Your rights as an informal patient

Who is an informal patient?

An informal patient is someone who has agreed to come into hospital for assessment and/or treatment for acute mental health difficulties, or someone who was detained under the Mental Health Act (MHA), but their section has ended and they have remained on the ward. As an informal patient, you have certain rights during your stay on the ward.

What are my rights regarding care and treatment?

You have agreed to come into hospital to receive care, treatment and therapy for your mental health difficulties.

While you are in hospital we have a duty of care towards you. This means that your wellbeing is central to the care we provide and that all treatment we discuss and give must be beneficial to you.

You should be given all of the information you need in order to make an informed choice about the treatment.

You will not be given any treatment without your agreement.

If you do agree to treatment you can change your mind at any time. If you do change your mind we hope you can tell us why.

Mental Capacity Act 2005 (MCA)

Some people who are not detained under the MHA but have difficulty making decisions may be subject to the provisions of the Mental Capacity Act (MCA).

Having mental capacity means being able to make your own decisions about something.

If you are assessed to not have capacity to make a particular decision, the care team will refer to any Advance Decision to Refuse Treatment (ADRT) that you may have made, and find out if there is someone whom you have granted powers to make decisions on your behalf under a Lasting Power of Attorney (LPA).

If there is no relevant ADRT or LPA in place, then the MCA allows the care team to make a decision for you and act in your best interest to prevent harm. If the MCA applies then in certain circumstances staff maybe able to prevent you from doing some of the things you may seem to want to do, including leaving the ward.

If the care team consider they are depriving you of your liberty they will apply the Deprivation of Liberty procedures within the Mental Capacity Act. Staff are trained in issues of mental capacity and have information they will be happy to share with you and/or your family.

Can I leave the hospital?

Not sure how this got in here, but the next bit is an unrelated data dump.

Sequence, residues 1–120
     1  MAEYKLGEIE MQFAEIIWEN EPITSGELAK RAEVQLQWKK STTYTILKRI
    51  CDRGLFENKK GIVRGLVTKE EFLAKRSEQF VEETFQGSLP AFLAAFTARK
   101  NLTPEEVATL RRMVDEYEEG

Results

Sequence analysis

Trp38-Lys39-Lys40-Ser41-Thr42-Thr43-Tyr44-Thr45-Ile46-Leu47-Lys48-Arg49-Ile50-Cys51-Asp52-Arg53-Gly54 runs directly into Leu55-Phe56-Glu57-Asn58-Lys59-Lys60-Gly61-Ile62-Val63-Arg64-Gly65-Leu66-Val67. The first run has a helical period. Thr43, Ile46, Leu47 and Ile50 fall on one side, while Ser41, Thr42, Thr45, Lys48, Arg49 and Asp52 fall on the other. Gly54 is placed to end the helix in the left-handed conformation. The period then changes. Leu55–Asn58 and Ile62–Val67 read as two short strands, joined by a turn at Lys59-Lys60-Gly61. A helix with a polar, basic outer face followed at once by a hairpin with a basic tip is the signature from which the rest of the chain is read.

As an informal patient you are not subject to any restrictions about leaving the ward. You are free to leave at any time.

We have a responsibility for all patients so we do request that you inform a member of the nursing staff if you wish to leave.

On occasions, the ward door may be locked but this is not to prevent you from leaving.

You have the right to request that the door is opened to allow you to leave. When you leave the ward, the staff will ask you when you expect to return. This is because we have a duty of care towards you.


If you want to discharge yourself from hospital please discuss this with the staff team. They will give you advice, based on how you are feeling, as to whether your discharge is wise or not. If the doctors or nurses feel that it is an unwise decision but you do not fulfil the criteria for detention under the Mental Health Act, they will ask you to complete a ‘Discharge against medical Advice’ form

If there are concerns about you leaving

If clinical staff consider your decision to leave to be unwise they will explain their concerns to you so that you may take these into account when making your decision.

If there are concerns about you leaving and the team are worried for your welfare then they can stop you from leaving by using the MHA.

Under Section 5 of the MHA doctors/approved clinicians and nurses have the power to prevent you from leaving the ward if there are serious concerns and you insist on leaving. Concerns include the possible harm that may occur to you or others and your overall welfare.

The Section 5 holding powers last for up to 72 hours (doctors/ approved clinician holding power) or 6 hours (nurses holding power). This is to allow time for a MHA Assessment to be completed. If these powers are implemented there are systems under the MHA which are used protect you and your rights and you will be informed of these if they are going to be applied to you.

Concerned about discharge from hospital?

If you are worried about being discharged from hospital, please speak to your nurse or doctor. You may also wish to speak to an advocate about your concerns.

Advocacy support

Information about advocacy support for you, including at review meetings, is available on the ward. If you would like support to contact an advocate please speak to your nurse or doctor.